Nike's first obligation is to shareholders, not politicians, so it’s no surprise it yanked the Besty Ross flag shoes to appease "talent" that speaks for a growing customer base. Colin Kaepernick has demonstrated he can move the sales needle for Nike. The political voices critical of Nike's move haven't.
Not every business calculation pans out, though, and the shallowness of this decision may yet come back to bite the company. But the stakes are much higher for Goodyear, Arizona -- and politicians like Goodyear Mayor Georgia Lord. If Nike responds to Governor Doug Ducey's encouragement to take its new shoe factory elsewhere, her work to bring new jobs to Arizona will have been for naught.
News last week is that Nike will Just Do It, and proceed with the factory. Good for Nike -- and for Arizona. The grandstanding must have been hard for executives at Nike to stomach. The factory is a win for Ducey's ally in the White House and aligns with the president's push to persuade American brands to relocate manufacturing in the U.S. For a Trump supporter to throw water on a new U.S.-based factory must seem rich. Just last week, Nike confirmed the Goodyear facility would be only its third in the U.S.
Yet this factory represents more than the numbers convey, even though the numbers aren't insignificant: 500 new jobs with an average salary of $48,514 per year, including overtime and bonuses. It's a new apparel factory in the U.S. -- a rarity these days -- with jobs seemingly tailored to Arizona's growing immigrant population. It's talent that for decades has done work for American brands, just not on American soil.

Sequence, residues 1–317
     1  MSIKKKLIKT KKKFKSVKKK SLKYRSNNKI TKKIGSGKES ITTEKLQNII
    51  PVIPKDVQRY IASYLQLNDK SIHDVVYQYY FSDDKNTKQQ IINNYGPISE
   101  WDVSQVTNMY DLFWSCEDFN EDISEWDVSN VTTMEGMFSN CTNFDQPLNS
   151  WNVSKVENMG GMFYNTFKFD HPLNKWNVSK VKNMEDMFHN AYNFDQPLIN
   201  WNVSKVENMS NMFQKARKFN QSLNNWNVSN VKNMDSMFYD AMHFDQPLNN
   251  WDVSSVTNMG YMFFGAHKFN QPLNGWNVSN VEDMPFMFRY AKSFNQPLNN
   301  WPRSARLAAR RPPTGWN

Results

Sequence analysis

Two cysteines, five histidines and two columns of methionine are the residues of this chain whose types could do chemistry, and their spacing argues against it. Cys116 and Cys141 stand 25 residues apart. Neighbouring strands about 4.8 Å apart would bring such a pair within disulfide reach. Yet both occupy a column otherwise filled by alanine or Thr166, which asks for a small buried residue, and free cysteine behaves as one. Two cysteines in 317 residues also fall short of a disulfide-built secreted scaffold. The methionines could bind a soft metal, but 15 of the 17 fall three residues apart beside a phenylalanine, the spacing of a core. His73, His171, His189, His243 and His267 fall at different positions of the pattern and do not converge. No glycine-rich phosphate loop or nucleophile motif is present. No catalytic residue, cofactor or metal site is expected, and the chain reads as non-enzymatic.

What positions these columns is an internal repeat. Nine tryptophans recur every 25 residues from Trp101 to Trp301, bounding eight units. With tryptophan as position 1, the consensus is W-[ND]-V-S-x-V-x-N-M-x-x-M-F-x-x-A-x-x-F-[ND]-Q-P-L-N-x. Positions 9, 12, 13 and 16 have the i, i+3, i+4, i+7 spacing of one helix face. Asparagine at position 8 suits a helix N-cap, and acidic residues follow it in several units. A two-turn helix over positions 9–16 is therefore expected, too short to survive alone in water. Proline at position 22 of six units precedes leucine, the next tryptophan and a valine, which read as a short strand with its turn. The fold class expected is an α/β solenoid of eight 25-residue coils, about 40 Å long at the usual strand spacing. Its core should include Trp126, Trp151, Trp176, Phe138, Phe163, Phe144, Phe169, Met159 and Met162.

An honest assessment of why American apparel brands haven't opened new U.S. manufacturing facilities begins and ends with the challenge of workforce. In apparel, it always comes down to labor. Today many U.S. cut-and-make shops rely on the expertise of labor trained elsewhere. We've written about dozens over the past five years.
Nike has acknowledged that Goodyear offered a unique, hard-to-find talent pool by selecting the community in the first place. It's a unique win. It’s unlikely we’ll see a surge in apparel manufacturing employment in the U.S. Companies are working overtime as it is to find production partners, and keep them, often in places like San Francisco and Los Angeles, where companies can tap a diverse labor pool. There's a pathway for others to travel, one that involves an investment in the latest technology and a commitment to retrain underutilized talent. But it's not easy. If it were, others would have accomplished it.
The hope is that companies like Nike will fuel the model and respond to the demand for more domestically made products, by siting new facilities where pieces are in place. Arizona is one such destination. Nike wisely tuned out the distractions to make an investment in a community willing to invest in a labor force uniquely suited to its needs.
Bart Taylor is publisher of CompanyWeek. Reach him at firstname.lastname@example.org.